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  13. #13
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    Quote Originally Posted by felgall
    ...Everything that relates to how the page sounds when it is read out or how it looks when it is displayed is moved out of the HTML....
    That is *exactly* what "Mr Initial Man" demonstrated. Everything relating to how it looks was removed from the HTML. CSS was used for all presentational formatting.

    From what I've seen the w3c is going in the EXACT SAME DIRECTION of the cumbersome way that he has demonstrated.

    It's not easier to develop code with this standard - it's just easier to re-use code.

    I understood the satire of the posted page almost immediately

    [edit]
    "How does a web reader speak in bold and italic?" - what silly comment.

    If it does not understand a tag a web reader would ignore it, or use approximations using a stronger voice emphasis or modify the timing.

    I mean - how does a web reader speak "paragraph" - it is a visual break in a page. How does it speak "<ul>", "<li>" - once again, visual ordering of information on a page.
    [/edit]
    Last edited by slaughters; 03-05-2007 at 04:57 PM.
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  14. #14
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    Slaughters has put his finger precisely on what I was trying to say with this page. EVERYTHING on how this page is displayed is dependant on CSS, precisely as the W3C has tried to do. <element>, in and of itself, does nothing. CSS takes the attribute [role], and decides "is this instant going to be bold, italic, superscript, or normal? Will it be even inline or block?" (Still working on how to turn something into a list or page title.)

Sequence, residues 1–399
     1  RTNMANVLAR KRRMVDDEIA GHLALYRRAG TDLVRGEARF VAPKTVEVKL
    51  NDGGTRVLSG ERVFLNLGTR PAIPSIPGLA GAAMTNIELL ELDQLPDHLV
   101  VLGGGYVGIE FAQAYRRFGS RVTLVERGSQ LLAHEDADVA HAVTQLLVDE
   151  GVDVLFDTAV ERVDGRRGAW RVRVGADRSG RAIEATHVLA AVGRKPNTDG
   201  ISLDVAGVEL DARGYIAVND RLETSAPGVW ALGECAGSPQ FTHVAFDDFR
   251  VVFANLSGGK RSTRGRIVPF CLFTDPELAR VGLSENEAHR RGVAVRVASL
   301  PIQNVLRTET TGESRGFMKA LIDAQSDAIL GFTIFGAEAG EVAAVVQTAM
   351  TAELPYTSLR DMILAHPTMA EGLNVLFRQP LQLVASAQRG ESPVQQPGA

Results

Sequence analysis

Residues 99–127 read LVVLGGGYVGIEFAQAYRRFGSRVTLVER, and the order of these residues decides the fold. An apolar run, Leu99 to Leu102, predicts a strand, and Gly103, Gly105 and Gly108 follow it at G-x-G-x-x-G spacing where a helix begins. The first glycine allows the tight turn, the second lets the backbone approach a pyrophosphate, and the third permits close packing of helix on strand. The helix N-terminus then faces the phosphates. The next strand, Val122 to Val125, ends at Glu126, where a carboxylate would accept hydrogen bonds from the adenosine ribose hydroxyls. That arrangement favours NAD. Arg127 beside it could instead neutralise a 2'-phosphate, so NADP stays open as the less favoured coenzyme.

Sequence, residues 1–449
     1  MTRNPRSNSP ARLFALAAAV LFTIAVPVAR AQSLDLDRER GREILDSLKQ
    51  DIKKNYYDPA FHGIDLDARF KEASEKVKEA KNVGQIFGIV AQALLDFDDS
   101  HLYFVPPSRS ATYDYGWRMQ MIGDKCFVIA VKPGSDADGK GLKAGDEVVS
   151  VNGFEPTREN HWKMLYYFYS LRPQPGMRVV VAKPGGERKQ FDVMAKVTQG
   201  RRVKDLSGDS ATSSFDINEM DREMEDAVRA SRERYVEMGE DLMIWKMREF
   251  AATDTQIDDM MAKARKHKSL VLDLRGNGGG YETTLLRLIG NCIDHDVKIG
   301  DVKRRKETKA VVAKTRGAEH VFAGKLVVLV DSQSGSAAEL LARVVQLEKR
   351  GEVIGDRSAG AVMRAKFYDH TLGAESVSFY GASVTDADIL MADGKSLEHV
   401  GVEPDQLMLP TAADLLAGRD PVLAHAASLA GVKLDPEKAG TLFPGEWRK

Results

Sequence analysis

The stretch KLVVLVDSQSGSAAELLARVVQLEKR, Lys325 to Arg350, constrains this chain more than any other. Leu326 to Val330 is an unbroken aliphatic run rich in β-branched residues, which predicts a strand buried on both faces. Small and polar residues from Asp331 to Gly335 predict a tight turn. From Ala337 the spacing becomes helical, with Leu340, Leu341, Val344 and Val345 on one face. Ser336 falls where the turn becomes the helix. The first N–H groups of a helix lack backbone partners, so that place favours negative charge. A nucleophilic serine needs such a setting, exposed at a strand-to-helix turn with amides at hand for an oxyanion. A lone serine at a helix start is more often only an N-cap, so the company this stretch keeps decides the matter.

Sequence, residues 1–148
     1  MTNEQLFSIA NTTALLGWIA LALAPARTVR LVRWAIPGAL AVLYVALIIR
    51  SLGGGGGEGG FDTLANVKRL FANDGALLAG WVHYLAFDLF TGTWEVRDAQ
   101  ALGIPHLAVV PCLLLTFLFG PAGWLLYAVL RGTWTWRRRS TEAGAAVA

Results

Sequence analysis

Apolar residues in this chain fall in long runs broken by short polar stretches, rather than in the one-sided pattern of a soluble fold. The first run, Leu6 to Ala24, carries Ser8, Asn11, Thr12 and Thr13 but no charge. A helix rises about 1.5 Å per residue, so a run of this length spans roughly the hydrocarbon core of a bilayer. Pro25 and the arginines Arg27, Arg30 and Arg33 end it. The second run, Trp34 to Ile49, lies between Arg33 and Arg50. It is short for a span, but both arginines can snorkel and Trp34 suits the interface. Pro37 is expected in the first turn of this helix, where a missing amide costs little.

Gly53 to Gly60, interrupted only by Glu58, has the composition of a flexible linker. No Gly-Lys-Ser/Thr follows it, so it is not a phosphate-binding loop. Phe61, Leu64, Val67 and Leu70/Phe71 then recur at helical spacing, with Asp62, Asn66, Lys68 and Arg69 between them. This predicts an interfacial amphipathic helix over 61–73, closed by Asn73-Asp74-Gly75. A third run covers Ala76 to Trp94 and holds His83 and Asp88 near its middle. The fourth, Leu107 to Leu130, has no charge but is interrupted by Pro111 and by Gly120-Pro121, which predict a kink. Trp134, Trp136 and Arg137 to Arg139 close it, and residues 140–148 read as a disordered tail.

It seems that the W3C is working on ridding all elements of what they traditionally do, passing the "doing" onto CSS. This is simply the end point of their trend:<element> does nothing, CSS does it all.
    Last edited by Mr Initial Man; 03-05-2007 at 06:22 PM. Reason: Clarity
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  15. #15
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    A paragraph is presented in different ways depending on whether it is written or spoken. people know what a paragraph is even if they don't see or hear it. A paragraph is what something is and that is what HTML was intended for in the first place - to identify what the parts of the contents are such as paragraphs. The HTML is meant to indicate what the parts of the content are and so elements such as paragraphs will not be replaced in HTML.

    It really looks like you don't understand the difference between what (HTML) and how (CSS) well enough if you are proposing that both be removed from HTML when the idea is only to remove how and leave what alone.

    A paragraph is still a paragraph even if it isn't spoken or read but is just stored as magnetic impulses on a hard drive.
    Stephen